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I was vaguely aware of the character, through HBO airings of LOVE AT FIRST BITE. I can recall a trip to my grandpa's where one Saturday morning, the Lugosi 1931 happened to be playing on the tube. The instant I saw him come down those stairs and announce "I AM................DRACULA", I was hooked.
I can remember seeing THE HALLOWEEN THAT ALMOST WASN'T when it initially aired, and later NBC's premiere of the Langella DRACULA.
By autumn and Halloween season of that year I was scouring TV Guide for anything Dracula related. I caught the Palance version, the Disney MYSTERY IN DRACULA'S CASTLE, and David Niven's OLD DRACULA. I somehow didn't really count the Niven film as a true Dracula movie, same with the Disney film.
The following summer my folks let me stay up late for a television airing of DRACULA PRINCE OF DARKNESS, my introduction to Christopher Lee's Count. I next saw DRACULA HAS RISEN FROM THE GRAVE, and SCARS OF DRACULA.
Lee was easily my favorite, with Bela a very close second. That ranking remains the same to this day.
I had also caught BILLY THE KID VS DRACULA
, and ABBOTT AND COSTELLO MEET FRANKENSTEIN.
I'd read comic book variations of the character, and of course, read the novel.
I love a wide variety of Dracula interpretations: from Bela, to Udo Kier. George Hamilton and Duncan Regehr. Yet I am as picky about certain elements of Dracula films as I am about the Bond gun-barrel logo.
A friend of mine once told me his favorite Dracula movie was FROM DUSK TILL DAWN.. That's like saying my favorite Bond movie is PATRIOT GAMES.
He was the first Dracula I saw that sported fangs. An amazingly scary Count.
I love that version.
Max Schreck captures the repulsiveness of Stoker's Count. I've had many public domain copies of NOSFERATU, but should really get a good version. One with the accurate Count Orlock in the title cards. All versions I've seen refer to him as Dracula.
Lee is my favorite with Bela second.
That said, I demand more praise for Gary Oldman too. It was a fascinating approach, far more in keeping with the source material. Langella and Jordan played Dracula rather well too.
Nosferatu was great, both the silent movie as well as the Klaus Kinski version.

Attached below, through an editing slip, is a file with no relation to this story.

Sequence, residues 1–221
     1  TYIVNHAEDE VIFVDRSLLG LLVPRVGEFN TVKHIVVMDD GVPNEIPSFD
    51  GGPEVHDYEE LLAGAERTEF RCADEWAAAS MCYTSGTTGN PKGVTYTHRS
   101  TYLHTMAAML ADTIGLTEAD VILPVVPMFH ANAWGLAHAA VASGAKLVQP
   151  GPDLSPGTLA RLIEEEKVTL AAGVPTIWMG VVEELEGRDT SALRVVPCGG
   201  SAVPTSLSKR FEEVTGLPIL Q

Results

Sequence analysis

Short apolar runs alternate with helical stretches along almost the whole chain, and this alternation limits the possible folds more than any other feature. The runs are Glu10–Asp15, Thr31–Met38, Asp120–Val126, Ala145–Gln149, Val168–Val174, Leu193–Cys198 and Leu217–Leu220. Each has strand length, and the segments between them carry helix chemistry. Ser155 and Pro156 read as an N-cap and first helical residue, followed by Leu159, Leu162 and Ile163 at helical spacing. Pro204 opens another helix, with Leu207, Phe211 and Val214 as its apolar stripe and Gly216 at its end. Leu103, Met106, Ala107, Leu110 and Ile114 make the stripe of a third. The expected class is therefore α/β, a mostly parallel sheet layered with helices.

Not too sure about some of the more recent "let's tell the REAL story" Dracula adaptations, though.
I still have yet to watch the Luke Evans Dracula film in it's entirety. Somehow the idea of a Vlad the Impaler CGI action origin story turned me off.
If you're in the U.S., pick up the Blu-Ray from Kino, which has two versions of the film and the original titles with English subtitles. If you're in the UK, the Blu-Rays from either BFI or Masters of Cinema are recommended.
In any case, Blu-Ray is the way to go. Since their storytelling is entirely visual, silent films lose much of their power when presented with poor image quality. On Blu-Ray they really come alive.
The Evans film is dreadful. The Oldman film one of my all-time favourites. His version is the best, along with Palance and Lugosi.
Count Dracula should be one of the tallest -- if not the tallest -- character in a Dracula film.
You know who would've made an outstanding Drac? Timothy Dalton.
Agreed. He would have been fantastic.
Eureka/The Masters of Cinema Series have a fantastic version of Nosferatu. I had their DVD version but a few years ago upgraded to the blu-ray version. A great package with a 56-page booklet full of writings and photos. Well worth getting hold of.
Really? A visually stunning piece of cinema that only (as far as I can remember) fails by miscasting Keanu Reeves. And is the closest to the source material I've seen.
I second @Lancaster007's words completely. I also love the score, along with everything else. Keanu, ... well, yeah. I'll give you that. But what exactly stinks?
To this date, Christopher Lee seems to be the only actor actually made up to resemble the character as described in the book in Jess Franco's COUNT DRACULA.
The 1977 Louis Jourdan version is also quite faithful to the book as well, except for Jourdan's 'look'.
Dracula AD 1972.
I kid you not.
Nothing wrong with that. The Satanic Rites Of Dracula is one of my favourite Dracula films.
I don't have a single favourite Dracula or film, but a 3 way tie between Dracula (1931), Dan Curtis' Dracula (1973) and Nosferatu The Vampyre (1979). Lugosi:Dracula was mysterious, Palance:Dracula was feral and Kinski:Dracula was tragic.
Jack Palance is the other. An even greater Dracula, and initially wanted for the Scaramanga role. He would have been fantastic, and probably more in keeping with Fleming s character.
Any other connections people can think of?